Mystery Men

Superheroes have always been a hair away from the absurd: I mean, c’mon — Batman? Aquaman? Spider-Man? Thus, four-color gods have been targets for parody almost as long as comics have existed. I’m not familiar with Bob Burden’s original “Mystery Men” stories (which appeared in his cult-favorite, absurdist comic Flaming Carrot), but imaginative writers in the medium have long punctured the self-serious balloon of pulp superfiction. Alan Moore’s Watchmen imagined a universe in which superheroes were outlawed and driven into exile; it was a serious work that nonetheless treated its heroes as misfit schlubs (picture Albert Brooks in a cape and mask). The caustic British comic Marshal Law recast superheroes as power-drunk psychos; the hero was the guy who killed superheroes.

So, to longtime comics readers — whether or not they’ve read Burden’s take on the supergenre — the movie Mystery Men is nothing new. To the average moviegoer, though, it will feel fresh, and it has an added layer of parody: as directed by Kinka Usher (famous for his “Yo quiero Taco Bell” ads), the movie is often a straight-faced take-off of the movies that almost double-handedly killed the superhero-movie genre — Joel Schumacher’s neon-soaked Batman Forever and Batman and Robin. Top it off with a mega-hip cast — finally, Janeane Garofalo as a superheroine! — and you have an instant cult comedy that doesn’t walk or talk like anything else out there.

In Champion City, the corporate-sponsored ubermensch Captain Amazing (Greg Kinnear in full pompous bloom) is bored. He’s defeated every supervillain worth his time; the only baddies left are scrappy gangs without guidance. The Captain has an idea: His greatest adversary, Casanova Frankenstein (Geoffrey Rush, cheerfully gobbling the scenery), is about to be paroled, and the Captain greases the wheels for Casanova’s release from the asylum. He then smugly pays a visit to Casanova, who just as smugly takes him hostage. Crime begins to run rampant again in Champion City. Someone must save the day.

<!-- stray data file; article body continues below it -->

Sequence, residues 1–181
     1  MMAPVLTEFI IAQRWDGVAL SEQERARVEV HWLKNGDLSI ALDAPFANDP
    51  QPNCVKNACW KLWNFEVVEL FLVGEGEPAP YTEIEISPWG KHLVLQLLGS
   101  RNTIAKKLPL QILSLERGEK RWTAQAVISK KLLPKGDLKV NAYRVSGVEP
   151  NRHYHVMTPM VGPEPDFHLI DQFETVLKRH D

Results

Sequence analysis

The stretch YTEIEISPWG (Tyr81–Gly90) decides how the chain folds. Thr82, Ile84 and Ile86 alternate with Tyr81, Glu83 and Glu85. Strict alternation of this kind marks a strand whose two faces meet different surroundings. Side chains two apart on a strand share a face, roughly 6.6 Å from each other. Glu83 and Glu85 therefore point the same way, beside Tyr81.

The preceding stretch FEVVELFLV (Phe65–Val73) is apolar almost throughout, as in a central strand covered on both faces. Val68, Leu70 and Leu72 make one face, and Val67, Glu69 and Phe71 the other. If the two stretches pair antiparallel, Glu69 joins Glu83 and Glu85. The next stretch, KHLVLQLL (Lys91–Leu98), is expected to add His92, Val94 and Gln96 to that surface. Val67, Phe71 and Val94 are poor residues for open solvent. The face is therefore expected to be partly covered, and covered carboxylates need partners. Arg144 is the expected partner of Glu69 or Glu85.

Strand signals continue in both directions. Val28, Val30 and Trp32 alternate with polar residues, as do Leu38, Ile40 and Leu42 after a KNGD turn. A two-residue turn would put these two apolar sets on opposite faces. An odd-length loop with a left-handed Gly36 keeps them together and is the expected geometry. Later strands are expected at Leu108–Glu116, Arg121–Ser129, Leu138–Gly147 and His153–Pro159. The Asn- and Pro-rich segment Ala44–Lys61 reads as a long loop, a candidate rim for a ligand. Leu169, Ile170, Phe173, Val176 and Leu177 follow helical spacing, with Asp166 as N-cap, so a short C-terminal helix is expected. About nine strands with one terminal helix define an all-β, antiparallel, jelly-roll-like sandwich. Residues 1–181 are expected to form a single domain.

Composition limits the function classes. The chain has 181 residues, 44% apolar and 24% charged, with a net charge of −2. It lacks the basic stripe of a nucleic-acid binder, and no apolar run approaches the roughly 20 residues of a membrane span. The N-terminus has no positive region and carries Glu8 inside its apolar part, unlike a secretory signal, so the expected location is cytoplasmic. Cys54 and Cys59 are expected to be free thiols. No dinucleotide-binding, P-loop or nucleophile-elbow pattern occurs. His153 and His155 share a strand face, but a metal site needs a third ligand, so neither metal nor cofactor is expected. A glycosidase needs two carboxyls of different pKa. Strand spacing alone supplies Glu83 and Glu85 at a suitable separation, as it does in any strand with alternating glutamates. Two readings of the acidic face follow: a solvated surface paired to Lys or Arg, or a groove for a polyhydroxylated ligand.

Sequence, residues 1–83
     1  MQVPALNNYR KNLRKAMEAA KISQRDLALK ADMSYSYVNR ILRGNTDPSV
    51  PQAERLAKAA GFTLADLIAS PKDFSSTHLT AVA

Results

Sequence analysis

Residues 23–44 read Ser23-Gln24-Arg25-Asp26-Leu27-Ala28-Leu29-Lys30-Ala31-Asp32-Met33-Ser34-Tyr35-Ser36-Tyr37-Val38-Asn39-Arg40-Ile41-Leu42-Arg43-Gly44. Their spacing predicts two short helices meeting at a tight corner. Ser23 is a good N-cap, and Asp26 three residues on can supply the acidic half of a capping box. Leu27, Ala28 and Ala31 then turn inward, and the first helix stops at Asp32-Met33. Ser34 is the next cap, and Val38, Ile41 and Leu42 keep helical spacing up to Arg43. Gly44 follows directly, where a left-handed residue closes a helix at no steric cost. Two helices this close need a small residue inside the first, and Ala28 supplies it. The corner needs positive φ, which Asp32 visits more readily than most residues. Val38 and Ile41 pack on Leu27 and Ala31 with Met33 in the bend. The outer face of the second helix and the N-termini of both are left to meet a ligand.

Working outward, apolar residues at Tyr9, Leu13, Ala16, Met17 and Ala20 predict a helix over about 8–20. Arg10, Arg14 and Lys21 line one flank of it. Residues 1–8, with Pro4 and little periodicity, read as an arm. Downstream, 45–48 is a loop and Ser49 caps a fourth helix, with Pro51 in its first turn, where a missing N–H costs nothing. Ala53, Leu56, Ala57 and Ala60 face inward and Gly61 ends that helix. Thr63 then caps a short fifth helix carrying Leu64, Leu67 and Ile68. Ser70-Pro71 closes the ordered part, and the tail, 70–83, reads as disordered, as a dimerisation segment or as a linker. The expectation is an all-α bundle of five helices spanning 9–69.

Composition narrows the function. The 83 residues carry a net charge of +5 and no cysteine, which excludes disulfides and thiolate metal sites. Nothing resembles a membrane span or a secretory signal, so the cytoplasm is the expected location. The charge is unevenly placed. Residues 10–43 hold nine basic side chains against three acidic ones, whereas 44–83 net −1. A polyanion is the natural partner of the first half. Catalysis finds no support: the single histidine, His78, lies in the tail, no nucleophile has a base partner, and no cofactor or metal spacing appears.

Someone turns out to be a group for whom the term “motley crew” was invented. We have: Mr. Furious (Ben Stiller), desperately in need of anger-management counseling; the Blue Raja (Hank Azaria), a faux-exotic hero who hurls every bit of silverware except knives (“I’m not Stab Man,” he insists); the Shoveler (William H. Macy), darn good with a shovel; the Bowler (Janeane Garofalo), who wields a mean bowling ball; the Spleen (Paul Reubens), whose finger you do not want to pull; the Invisible Boy (Kel Mitchell), who can become invisible only when nobody’s looking; and the Sphinx (Wes Studi), the movie’s goof on Jedi Masters. Given such unlikely material, these fine comic actors (even the sober-sided Wes Studi packs a fine deadpan) give each scene and line of dialogue a spin off-center. Other hipsters turn up for the party, too: Tom Waits as a weapons specialist, Eddie Izzard and Pras as disco gangsters, Lena Olin looking great (but unfortunately not doing much else) as Casanova’s partner in crime.

Those not attuned to the movie’s wobbly brand of humor (I laughed pretty much all the way through) will consider Mystery Men yet another cluttered dud wasting a killer cast. For me, the cast makes the movie — the idea that all these people wanted to put on goofy costumes and poke deadpan fun at lurid comic-book clichés and the movies those clichés spawned. Mystery Men has an exuberantly tacky look; it gives you the cheap pleasures of brainless blockbusters without actually being brainless. It even has a biting subtext: the obscure, working-class heroes laboring in the shadow of the mighty Captain Amazing, either resentful of his success or in awe of it. Their ultimate triumph is not defeating the nefarious Casanova Frankenstein, but finally getting some media attention. One wonders how long it will be before the Bowler has Pepsi ads stuck all over her ball, or Mr. Furious starts doing TV commercials for Prozac.

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Explore posts in the same categories: comedy, comic-book, underrated

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